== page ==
The Danish Girl, film review: Eddie Redmayne is a woman of substance

 (15) Tom Hooper, 120 mins. Starring: Eddie Redmayne, Alicia Vikander, Amber Heard, Ben Whishaw, Matthias Schoenaerts

Tom Hooper's The Danish Girl is a subtle and extraordinarily well-crafted film but one that pulls continually in different directions. Hooper is telling a radical story in a strait-laced fashion. This is an upscale period drama in which loving attention has been paid to costume and production design. Its subject matter, though, is raw and unsettling. The main character is Lili Elbe, the artist "whose brave and pioneering spirit remain an inspiration for today's transgender movement", but who, in the course of the movie, endures extreme trauma.

Like Hooper's Oscar-winning film The King's Speech, The Danish Girl features a repressed husband with a very supportive wife trying to transform and free himself. This time, it's not a case of simply overcoming a stammer but of the husband living life as a woman.

Largely set in 1920s Copenhagen, the film begins in deceptively light-hearted fashion but becomes ever darker and more complex. It boasts very fine central performances both from Eddie Redmayne as the transgender artist and from Alicia Vikander as his/her devoted wife.

As first encountered, Einar Wegener (Redmayne) is a successful young landscape painter. He lives a carefree, bohemian life in the apartment he shares with Gerda (Vikander) and their pet Jack Russell. "When are you two going to breed me a godchild," their ballet dancer friend Ulla (Amber Heard) asks him. The only slight cloud in an otherwise idyllic marriage comes from Gerda's lack of professional success. The same gallery owners who fawn on Einar dismiss her portraits as too conventional.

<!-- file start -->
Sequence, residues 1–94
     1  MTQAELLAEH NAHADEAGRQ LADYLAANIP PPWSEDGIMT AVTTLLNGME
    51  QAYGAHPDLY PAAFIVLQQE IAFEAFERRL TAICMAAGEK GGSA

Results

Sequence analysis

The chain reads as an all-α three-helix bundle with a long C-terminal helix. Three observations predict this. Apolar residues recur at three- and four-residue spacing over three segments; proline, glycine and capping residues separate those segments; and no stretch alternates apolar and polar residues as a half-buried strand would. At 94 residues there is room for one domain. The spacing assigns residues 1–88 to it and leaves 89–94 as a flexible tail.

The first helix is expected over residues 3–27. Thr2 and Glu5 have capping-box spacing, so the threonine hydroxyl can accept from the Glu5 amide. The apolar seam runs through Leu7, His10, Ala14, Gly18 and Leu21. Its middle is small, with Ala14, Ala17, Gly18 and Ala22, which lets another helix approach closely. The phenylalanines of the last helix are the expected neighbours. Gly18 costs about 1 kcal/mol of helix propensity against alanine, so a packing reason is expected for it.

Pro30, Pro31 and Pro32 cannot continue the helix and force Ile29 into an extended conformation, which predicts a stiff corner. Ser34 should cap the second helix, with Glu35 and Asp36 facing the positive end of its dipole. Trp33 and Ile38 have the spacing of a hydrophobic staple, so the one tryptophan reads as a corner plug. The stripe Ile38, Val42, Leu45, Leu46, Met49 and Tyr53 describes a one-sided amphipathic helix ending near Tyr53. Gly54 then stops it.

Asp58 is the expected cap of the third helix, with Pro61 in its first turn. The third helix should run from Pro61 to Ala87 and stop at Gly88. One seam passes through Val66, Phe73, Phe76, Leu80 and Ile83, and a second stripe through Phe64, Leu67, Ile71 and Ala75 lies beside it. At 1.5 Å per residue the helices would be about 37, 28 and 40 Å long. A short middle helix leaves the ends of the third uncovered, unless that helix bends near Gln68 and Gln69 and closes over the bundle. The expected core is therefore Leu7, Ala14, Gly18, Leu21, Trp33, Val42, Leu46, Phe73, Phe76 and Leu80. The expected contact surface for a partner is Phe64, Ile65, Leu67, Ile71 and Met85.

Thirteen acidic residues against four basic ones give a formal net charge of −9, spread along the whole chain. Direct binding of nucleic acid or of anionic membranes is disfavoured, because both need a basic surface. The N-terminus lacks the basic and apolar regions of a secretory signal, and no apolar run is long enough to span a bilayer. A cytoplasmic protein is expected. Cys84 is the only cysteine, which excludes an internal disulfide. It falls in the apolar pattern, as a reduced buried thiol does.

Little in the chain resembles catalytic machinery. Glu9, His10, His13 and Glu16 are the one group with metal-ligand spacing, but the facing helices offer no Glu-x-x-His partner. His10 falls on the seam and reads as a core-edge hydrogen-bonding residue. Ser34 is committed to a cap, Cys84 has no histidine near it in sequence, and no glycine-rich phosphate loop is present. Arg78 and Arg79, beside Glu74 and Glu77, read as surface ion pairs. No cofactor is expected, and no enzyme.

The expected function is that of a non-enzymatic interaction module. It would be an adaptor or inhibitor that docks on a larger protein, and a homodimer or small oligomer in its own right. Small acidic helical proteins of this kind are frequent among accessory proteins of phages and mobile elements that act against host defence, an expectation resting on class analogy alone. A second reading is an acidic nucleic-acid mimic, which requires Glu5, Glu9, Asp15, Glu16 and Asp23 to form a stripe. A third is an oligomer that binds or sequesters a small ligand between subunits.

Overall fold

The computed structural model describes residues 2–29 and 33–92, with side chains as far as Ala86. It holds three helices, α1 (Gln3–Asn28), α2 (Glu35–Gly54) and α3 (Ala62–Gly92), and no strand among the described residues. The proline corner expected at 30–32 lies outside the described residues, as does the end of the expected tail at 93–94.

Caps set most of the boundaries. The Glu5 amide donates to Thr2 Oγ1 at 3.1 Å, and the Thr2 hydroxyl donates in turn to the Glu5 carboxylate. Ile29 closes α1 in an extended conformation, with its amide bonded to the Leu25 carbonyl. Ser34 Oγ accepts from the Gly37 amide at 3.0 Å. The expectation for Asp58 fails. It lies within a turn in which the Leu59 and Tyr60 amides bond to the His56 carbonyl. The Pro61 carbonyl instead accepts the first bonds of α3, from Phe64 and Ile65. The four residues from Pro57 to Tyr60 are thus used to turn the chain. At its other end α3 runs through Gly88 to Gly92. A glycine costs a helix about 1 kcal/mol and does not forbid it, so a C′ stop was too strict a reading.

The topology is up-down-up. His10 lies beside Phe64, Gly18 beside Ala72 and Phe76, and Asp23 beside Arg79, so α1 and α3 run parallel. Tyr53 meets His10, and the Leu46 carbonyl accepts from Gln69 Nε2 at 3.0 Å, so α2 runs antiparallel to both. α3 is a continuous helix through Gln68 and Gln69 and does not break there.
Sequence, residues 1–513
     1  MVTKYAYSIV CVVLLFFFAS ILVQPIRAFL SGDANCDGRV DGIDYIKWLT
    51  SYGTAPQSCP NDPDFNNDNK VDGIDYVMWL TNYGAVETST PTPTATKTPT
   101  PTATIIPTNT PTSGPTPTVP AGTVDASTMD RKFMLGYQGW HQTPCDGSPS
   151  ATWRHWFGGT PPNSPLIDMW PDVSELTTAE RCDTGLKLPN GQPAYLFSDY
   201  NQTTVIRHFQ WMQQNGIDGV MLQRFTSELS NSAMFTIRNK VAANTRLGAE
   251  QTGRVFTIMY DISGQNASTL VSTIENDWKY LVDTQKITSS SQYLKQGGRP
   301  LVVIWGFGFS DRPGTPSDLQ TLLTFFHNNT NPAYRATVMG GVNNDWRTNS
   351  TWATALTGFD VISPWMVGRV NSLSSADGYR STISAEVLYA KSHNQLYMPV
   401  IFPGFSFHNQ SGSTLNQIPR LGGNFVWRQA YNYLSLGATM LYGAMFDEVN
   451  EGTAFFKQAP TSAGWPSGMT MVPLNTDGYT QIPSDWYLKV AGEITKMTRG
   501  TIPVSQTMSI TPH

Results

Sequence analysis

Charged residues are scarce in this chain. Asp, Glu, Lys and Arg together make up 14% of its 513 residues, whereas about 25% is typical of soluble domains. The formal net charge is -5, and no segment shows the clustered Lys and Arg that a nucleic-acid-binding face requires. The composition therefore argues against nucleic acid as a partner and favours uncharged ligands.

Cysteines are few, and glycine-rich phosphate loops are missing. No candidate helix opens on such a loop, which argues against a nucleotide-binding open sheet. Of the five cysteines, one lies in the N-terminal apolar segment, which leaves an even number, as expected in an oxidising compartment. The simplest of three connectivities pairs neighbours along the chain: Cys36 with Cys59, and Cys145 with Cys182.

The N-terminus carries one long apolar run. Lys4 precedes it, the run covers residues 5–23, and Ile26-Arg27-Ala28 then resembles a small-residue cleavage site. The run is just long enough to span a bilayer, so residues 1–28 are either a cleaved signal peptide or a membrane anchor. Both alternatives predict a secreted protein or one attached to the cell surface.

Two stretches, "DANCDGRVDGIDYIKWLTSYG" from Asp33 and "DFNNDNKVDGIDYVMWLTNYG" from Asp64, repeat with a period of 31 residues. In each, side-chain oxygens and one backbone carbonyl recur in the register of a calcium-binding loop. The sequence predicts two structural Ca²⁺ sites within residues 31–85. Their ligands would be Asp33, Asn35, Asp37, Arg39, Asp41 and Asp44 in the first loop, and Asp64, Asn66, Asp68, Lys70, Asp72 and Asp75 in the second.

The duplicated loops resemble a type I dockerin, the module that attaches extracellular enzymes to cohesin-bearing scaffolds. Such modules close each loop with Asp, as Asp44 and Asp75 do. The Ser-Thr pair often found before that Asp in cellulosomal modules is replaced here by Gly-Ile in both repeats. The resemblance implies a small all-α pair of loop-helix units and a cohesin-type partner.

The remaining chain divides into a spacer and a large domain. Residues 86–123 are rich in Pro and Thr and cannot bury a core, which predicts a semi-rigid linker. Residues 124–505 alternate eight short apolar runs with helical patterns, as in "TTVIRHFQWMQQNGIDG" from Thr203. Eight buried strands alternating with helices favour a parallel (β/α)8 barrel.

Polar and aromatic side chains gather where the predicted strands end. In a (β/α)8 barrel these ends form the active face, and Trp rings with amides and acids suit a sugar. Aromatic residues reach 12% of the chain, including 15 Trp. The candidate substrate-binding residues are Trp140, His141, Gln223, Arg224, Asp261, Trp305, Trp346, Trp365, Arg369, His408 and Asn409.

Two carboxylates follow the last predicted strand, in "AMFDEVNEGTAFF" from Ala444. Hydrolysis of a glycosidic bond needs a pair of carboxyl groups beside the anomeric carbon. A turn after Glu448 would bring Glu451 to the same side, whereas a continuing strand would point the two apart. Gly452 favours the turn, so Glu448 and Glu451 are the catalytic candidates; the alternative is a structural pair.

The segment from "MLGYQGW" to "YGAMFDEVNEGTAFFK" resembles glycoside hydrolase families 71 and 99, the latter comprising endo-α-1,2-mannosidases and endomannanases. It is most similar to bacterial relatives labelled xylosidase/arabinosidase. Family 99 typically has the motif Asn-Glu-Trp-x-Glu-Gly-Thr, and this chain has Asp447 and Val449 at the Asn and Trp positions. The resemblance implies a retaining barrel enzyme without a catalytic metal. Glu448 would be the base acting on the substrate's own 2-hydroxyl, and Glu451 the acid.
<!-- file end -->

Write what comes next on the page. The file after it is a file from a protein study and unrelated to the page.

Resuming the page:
Lucinda Coxon's screenplay is as much a study of a marriage as it is one of sexuality and identity. The film comes steeped in irony. Einar's quest for change brings husband and wife closer together at the same time that it risks destroying their marriage. There are moments when their identities (like those of the two women in Ingmar Bergman's Persona) seem to be merging. "Marriage creates someone else, more than just the two of you," it is observed of the couple. Gerda, reminiscing of how she first fell in love with Einar, says, "It was the strangest thing, it was like kissing myself."

Even before Gerda asks Einar to put on a ballet dress so that she can finish a Degas-like portrait of a young dancer, we see Einar backstage at the theatre, lovingly caressing the fur costumes and gazing in rapture at Ulla as she rehearses.

At first, Einar's decision to reinvent himself as Lili seems like a game. Gerda is his co-conspirator as he dresses up in wig and stockings, applies the lipstick and attends an art club ball. He studies the women around him with an anthropological fascination, paying particular attention to their ankles and to the way they move their hands. His Lili is like a nervous young swan with his head tilted downward, his long neck always visible, his fingers fluttering and a shy smile on his face.